Unlike the dictionary, which records words as they are used -not as they should be used-, I am free to be much more judgmental in the poor usage of phrases. It’s not that palpable can’t or shouldn’t ever be used, it’s that the vast majority of the time it’s used it’s used in an unclear and parroting way. Unless you’re very clear about you want to say and do it well, this phrasing should be avoided.
3. Speaks volumes
The [description of something] speaks volumes [to the characteristics of something else].
Seriously, never say this. Never write this. Never think this. It’s like saying “a picture is worth a thousand words, but I’m also trying to sound smart and failing at doing so”.
Unlike “Webster’s defines”, this one isn’t 100% bad. It’s OK to have been used once, the first time it was used. After that, no. “Silence speaks volumes”. I get that, it’s poetic and even true in a metaphorical sense. It was a great phrase to use the one time it was first written. But as it is today, in the now time, in the real world, it’s fucking lazy. “The garbage strewn in front of the house speaks volumes as to the condition of the children living inside”. No, it doesn’t. Very few things speak “volumes”, unless you’re a ‘picture is worth a thousand words’ kind of person and then everything speaks volumes, which makes the phrase meaningless.
If you want to describe how a setting paints a complex overall picture, related to characters or happenings; that’s great but use your own damn words to do so. Using this phrase is shirking off your job, which is to convey a message, and putting that onus on your reader to fill in the blanks. Even that is fine, when done with deliberation and purpose but it hardly ever is. When using idioms and cliches, be aware that you’re using idioms and cliches, otherwise it’s just a cheap form of plagiarism that doesn’t add anything to your story.
4. Think outside the box
If we’re going to come up with a plan to get us out of this fiscal tailspin we’re going to have to think outside the box.
As my good friend ‘Other Jeff‘ once said, “‘think outside the box’ was a phrase fully created inside the box”. It’s less of a literary phrase and more of an Office Space-esque instruction. There is no box, there never was a box and the people who ‘think inside the box’ are the ones who constructed it. It’s a bit like labeling a portion of your staff ‘creatives’, as if programmers have no sense of aesthetics and designers have no technical ability. It’s a bullshit term created by people with too much time and responsibility on their hands.
If you have to instruct people to ‘think outside the box’ your entire office culture is flawed. It means that you defined a box and forced other people to pretend it’s there and now you’re suddenly instructing people to partially ignore your flawed construct. It’s like forcing your staff to play “the floor is lava” and then having an epiphany that the floor actually isn’t lava and you’d be more efficient if people weren’t jumping from chair to chair to get to the cafeteria. You know, except less fun. Your employees didn’t create this artificial construct, you did. You’re just undoing a small part of your restrictive culture.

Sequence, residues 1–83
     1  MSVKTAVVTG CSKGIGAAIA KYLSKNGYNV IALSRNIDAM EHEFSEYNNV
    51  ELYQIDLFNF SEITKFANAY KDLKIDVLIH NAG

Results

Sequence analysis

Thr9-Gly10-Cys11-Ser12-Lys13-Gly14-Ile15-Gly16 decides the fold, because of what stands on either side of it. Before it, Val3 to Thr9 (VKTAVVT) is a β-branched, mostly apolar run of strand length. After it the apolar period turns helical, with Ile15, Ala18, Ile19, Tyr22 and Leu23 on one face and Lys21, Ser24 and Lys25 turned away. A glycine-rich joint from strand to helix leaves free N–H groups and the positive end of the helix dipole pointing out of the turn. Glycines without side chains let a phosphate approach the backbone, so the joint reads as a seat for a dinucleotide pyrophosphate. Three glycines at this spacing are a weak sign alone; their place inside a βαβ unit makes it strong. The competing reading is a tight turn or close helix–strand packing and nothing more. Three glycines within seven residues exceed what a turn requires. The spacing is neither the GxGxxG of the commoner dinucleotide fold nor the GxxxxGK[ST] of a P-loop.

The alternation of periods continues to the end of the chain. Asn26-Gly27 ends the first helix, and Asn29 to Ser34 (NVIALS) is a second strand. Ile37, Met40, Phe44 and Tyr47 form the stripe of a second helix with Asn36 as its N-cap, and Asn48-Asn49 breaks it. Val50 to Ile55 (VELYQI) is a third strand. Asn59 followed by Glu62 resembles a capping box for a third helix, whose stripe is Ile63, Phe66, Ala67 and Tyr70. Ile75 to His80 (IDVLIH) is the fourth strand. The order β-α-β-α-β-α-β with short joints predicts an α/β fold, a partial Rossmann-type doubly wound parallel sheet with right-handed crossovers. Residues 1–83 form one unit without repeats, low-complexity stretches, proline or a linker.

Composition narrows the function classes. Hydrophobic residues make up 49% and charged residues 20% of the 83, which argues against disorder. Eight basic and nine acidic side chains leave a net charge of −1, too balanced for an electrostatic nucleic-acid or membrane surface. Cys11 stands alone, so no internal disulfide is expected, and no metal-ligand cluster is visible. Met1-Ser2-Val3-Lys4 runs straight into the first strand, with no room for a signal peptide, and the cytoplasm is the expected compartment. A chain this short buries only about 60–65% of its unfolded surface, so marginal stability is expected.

And that would be fine, if that’s what was actually happening but there’s little chance you’re breaking down your illusionary walls completely, that would be too progressive and helpful. Chances are, what you’re saying is “Part of the floor isn’t lava, but I’m not going to tell you what parts. You’ll still burn and die if you step on the floor that I’ve arbitrarily decided is still lava”. Inside the box, outside the box; it’s all an imagined reality.
5. At the end of the day
At the end of the day we need to ensure retention of our current user base.
Are you in Les Misérables? Oh, you are? Carry on then. For everybody else, don’t say this. It’s ambiguous and it’s overused. In current usage it means nothing. Are you talking about a situation that will exist at the end of today? No? Then don’t say it. Do you mean at the end of the year, at the end of the product roll out, do you mean as a continual goal or process to keep in mind throughout? Here’s my suggestion, say what you actually mean. That’s what communication is, whether written or verbal, whether in a business meeting or in a novel. Know what you wish to say and then say it in a way that is clear and concise. If you’re giving instructions to an audience; ambiguous metaphorical statements should be avoided, especially when that metaphor references a specific place or time that you don’t actually mean. Don’t say day when you mean year. That’s just stupid and lazy.
Just missed: ‘It is what it is’ and ‘as a mother’ but never say those either.